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Stretch Your Dollar in Europe This Summer

Seniors on the Go
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Editor's Note: This story was originally published on April 30, 2010. To see the most recent SmarterTravel articles on related topics, please click on any of the following links: airfare, Amsterdam, Athens, Berlin, Berne, Booking.com, booking strategy, Brussels, Bulgaria, car rental, destination, Dublin, Ed Perkins, Europe, Finland, Geneva, Helsinki, hotel, Hotwire, Ireland, Lisbon, London, Madrid, New York City, Norway, Ottawa, Paris, Prague, Priceline, Rome, Seniors on the Go, senior travel, Stockholm, summer, Tokyo, Venice, Vienna, Warsaw.

If you're one of millions of Americans considering a visit to Europe this summer, the outlook has some bright and dim sides. Here's a rundown of some developments you should know, plus a few ideas for getting the most for your money.

The Euro—about the same. The Euro ended last week $1.33, just a bit higher than the $1.30 it was the same time last year. During the winter, it rose as high as $1.50, but it's down again now. Obviously, it could go either way between now and midsummer, but I don't expect enough change to alter your travel plans.

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What you can do: You can't affect the currency rate, but you can minimize losses by using a credit card that doesn't add a surcharge to foreign transactions, such as Capital One, and use an ATM card with a minimum charge for local currency.

Airfares—the big question. As usual, the toughest part of looking ahead is in trying to outguess the airfares. For most of the winter and spring, posted airfares have been sharply higher than last summer. Currently, for example, the round-trip fare from Boston to London, around $750, has been running about $150 above the first quarter of last year; the current fare from Los Angeles to Paris is also up about $150. Is that gap big enough to deter travel—and will the airlines then reduce fares to more reasonable levels—or will enough people pay it to keep the planes full? Your guess is as good as mine.
What you can do: Watch the sales carefully for short-term promotions on European routes, and pounce on anything that looks good.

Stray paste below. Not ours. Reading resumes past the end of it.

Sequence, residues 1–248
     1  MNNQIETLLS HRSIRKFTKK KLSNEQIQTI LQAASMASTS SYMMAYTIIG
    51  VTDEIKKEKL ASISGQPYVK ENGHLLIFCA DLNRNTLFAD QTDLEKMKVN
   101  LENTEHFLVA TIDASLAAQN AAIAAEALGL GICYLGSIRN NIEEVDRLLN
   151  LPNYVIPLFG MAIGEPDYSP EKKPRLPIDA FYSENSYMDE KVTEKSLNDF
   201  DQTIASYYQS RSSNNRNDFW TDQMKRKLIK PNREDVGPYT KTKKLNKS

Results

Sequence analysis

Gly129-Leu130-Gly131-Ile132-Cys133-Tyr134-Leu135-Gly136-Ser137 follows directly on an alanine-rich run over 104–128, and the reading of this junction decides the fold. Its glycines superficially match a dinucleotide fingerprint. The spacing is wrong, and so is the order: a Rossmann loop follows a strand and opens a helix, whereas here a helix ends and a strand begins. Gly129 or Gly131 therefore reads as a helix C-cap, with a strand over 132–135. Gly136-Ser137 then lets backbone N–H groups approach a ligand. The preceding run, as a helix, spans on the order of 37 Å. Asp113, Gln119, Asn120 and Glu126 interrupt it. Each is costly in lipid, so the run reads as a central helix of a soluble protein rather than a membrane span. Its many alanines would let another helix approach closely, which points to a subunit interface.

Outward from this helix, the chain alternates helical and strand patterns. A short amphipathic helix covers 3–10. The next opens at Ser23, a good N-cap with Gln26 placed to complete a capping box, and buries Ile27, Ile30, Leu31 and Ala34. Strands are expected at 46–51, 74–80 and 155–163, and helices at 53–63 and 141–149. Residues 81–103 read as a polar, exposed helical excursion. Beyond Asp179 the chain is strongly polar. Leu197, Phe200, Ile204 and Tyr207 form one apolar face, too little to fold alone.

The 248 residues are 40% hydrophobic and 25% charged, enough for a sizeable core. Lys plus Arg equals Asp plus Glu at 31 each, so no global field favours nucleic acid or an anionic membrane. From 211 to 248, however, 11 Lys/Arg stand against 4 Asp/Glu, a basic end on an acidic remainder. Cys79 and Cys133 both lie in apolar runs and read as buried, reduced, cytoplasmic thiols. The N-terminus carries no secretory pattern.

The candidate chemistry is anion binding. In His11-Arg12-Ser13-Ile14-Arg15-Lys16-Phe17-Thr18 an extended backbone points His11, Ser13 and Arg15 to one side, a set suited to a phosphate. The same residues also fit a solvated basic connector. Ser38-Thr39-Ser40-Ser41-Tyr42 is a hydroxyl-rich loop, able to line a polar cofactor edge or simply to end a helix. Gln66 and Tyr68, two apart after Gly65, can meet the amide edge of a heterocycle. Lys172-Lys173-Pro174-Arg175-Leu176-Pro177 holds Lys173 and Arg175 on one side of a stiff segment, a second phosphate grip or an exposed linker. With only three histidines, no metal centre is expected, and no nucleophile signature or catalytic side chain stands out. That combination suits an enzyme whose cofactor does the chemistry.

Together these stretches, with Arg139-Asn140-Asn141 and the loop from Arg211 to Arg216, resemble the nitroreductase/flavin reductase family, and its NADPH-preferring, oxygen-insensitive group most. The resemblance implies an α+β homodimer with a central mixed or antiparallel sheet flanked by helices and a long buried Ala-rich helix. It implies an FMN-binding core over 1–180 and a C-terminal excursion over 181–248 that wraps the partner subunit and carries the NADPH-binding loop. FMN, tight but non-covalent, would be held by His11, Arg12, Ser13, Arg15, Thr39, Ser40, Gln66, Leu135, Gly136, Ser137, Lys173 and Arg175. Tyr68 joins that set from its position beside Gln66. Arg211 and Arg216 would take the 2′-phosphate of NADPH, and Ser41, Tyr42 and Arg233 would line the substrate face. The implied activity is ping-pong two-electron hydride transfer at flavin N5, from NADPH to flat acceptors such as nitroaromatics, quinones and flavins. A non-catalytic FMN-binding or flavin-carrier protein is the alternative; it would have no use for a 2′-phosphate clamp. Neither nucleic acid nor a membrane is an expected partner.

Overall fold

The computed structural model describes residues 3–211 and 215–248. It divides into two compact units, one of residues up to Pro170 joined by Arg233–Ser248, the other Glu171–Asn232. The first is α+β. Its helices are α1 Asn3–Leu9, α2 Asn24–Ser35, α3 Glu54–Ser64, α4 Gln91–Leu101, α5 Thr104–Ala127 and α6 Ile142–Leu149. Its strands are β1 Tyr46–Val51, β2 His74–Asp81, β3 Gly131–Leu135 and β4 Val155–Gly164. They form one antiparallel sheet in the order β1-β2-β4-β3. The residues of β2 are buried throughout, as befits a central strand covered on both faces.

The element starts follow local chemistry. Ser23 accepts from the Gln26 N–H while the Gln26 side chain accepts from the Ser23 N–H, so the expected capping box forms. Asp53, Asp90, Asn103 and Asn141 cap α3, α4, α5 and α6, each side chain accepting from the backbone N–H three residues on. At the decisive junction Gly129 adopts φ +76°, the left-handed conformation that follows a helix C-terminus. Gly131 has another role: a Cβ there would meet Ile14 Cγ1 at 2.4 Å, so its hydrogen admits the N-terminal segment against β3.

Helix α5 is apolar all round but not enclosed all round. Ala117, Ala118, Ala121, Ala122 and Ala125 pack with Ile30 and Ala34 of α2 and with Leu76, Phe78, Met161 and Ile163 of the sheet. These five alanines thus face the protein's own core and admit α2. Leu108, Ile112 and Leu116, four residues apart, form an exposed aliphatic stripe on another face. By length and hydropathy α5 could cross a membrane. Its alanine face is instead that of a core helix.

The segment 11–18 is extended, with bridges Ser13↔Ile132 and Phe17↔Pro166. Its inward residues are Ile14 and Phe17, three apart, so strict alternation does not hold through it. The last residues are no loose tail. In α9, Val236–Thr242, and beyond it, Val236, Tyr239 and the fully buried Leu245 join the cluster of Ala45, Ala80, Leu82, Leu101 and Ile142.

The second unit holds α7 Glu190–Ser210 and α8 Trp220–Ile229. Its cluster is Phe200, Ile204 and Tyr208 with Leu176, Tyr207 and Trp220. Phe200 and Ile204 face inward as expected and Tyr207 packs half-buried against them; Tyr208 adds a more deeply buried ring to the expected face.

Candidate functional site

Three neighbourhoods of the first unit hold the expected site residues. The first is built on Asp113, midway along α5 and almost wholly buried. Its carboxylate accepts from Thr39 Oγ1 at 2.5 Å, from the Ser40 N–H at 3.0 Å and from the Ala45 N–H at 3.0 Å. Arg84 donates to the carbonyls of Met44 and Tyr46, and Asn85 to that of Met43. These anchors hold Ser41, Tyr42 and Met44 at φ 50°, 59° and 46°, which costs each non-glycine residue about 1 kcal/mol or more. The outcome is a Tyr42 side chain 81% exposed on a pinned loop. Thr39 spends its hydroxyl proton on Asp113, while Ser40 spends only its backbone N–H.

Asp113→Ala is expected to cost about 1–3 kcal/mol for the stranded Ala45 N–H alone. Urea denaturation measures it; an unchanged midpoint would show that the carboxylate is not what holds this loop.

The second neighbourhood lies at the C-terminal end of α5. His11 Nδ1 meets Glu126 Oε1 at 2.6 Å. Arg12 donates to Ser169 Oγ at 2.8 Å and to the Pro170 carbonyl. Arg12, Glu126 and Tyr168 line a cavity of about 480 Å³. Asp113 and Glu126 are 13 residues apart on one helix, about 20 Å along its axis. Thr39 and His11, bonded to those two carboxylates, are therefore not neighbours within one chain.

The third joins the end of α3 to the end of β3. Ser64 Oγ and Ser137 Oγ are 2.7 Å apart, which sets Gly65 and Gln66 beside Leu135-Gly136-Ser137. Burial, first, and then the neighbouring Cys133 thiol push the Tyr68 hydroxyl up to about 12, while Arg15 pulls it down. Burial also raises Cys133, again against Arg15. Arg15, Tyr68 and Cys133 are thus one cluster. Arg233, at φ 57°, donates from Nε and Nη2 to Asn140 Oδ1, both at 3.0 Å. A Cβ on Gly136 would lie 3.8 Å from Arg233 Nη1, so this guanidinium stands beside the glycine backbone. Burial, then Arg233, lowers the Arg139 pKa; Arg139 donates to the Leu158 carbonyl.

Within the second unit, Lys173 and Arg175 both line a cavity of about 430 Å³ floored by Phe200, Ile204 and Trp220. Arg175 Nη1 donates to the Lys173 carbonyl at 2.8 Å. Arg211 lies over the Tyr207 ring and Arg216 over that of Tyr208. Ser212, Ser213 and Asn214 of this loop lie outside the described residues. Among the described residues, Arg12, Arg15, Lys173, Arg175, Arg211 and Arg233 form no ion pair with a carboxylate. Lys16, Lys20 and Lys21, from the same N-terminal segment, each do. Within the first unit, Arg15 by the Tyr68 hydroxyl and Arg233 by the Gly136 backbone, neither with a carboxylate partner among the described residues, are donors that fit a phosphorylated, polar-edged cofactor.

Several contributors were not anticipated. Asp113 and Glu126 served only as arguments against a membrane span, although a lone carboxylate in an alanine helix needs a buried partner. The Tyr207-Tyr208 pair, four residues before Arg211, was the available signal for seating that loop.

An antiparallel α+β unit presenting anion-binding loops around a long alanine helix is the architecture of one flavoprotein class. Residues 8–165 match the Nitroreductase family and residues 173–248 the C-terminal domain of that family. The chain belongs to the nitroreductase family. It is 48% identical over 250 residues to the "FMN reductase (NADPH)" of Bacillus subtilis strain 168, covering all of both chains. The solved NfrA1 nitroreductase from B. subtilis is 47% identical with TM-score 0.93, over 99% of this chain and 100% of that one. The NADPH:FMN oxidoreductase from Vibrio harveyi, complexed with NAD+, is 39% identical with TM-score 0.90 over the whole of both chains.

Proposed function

Hotels—up. A recent report from the UK-based Trivago Hotel Price Index showed average European hotel prices up 12 percent just from March to April, with even bigger hikes in many key tourist destination cities. Currently, the most expensive cities are Venice, Geneva, Rome, Lisbon, and Paris, where the average "standard" double room is going for more than $200 a night. At the other end, prices this month dropped a little in Bulgaria, Ireland, Finland, and Norway, but those last two countries were already very expensive. Another European Website, Hotel.info, has computed a "global top 20" in hotel value for the money, based on a compilation of traveler ratings of more than 200,000 hotels worldwide. Among the European cities, Lisbon was tops, followed by Prague, Warsaw, Athens, Berlin, Madrid, Vienna, Dublin, Helsinki, Paris, Brussels, London, Berne, and Stockholm, with Amsterdam at the bottom. (As a matter of possible interest, non-European Tokyo and Ottawa were among the leaders, and New York was dead last.)

What you can do: Head for low-cost countries, minimize your time in the expensive cities, and head instead for some of the smaller cities or tour the countryside.

Rental cars—up big. Yet another European-based site, Holidaycars.com, reported sharply higher rental car rates. Customers who rent last minute, says a spokesperson, can look for price increases as high as 65 percent. As in the United States, European rental companies have sharply reduced the sizes of their fleets, thus shifting the usual supply/demand/price balance.

What you can do: Shop carefully among lots of suppliers, and lock in any good deal you find. Include AutoEurope.com in your search, as well as Priceline and a few European discounters such as Novacarhire and Tigercarrental. But be careful with offshore discount sites: Many quote low-ball supposedly "inclusive" prices that include minimal CDW but with a huge deductible, and charge a fortune for full CDW.

Hotels—look for some discounts. As in the United States, European hotels are discounting to fill slow periods, not to give broad, anytime discounts to seniors and other large groups. Also, European hotels discount extensively through such third-party outlets as Hotwire and Booking.com (Priceline's European affiliate).

What you can do: Book early if you need to lock in an itinerary, but don't pay in advance, then keep checking for better deals until close to departure time.

Do you plan to travel to Europe this summer and where have you found deals? Share your thoughts and advice by submitting a comment below!

(Editor's Note: SmarterTravel is a member of the TripAdvisor Media Network, an operating company of Expedia, Inc. Expedia, Inc. also owns Hotwire.)

 
 
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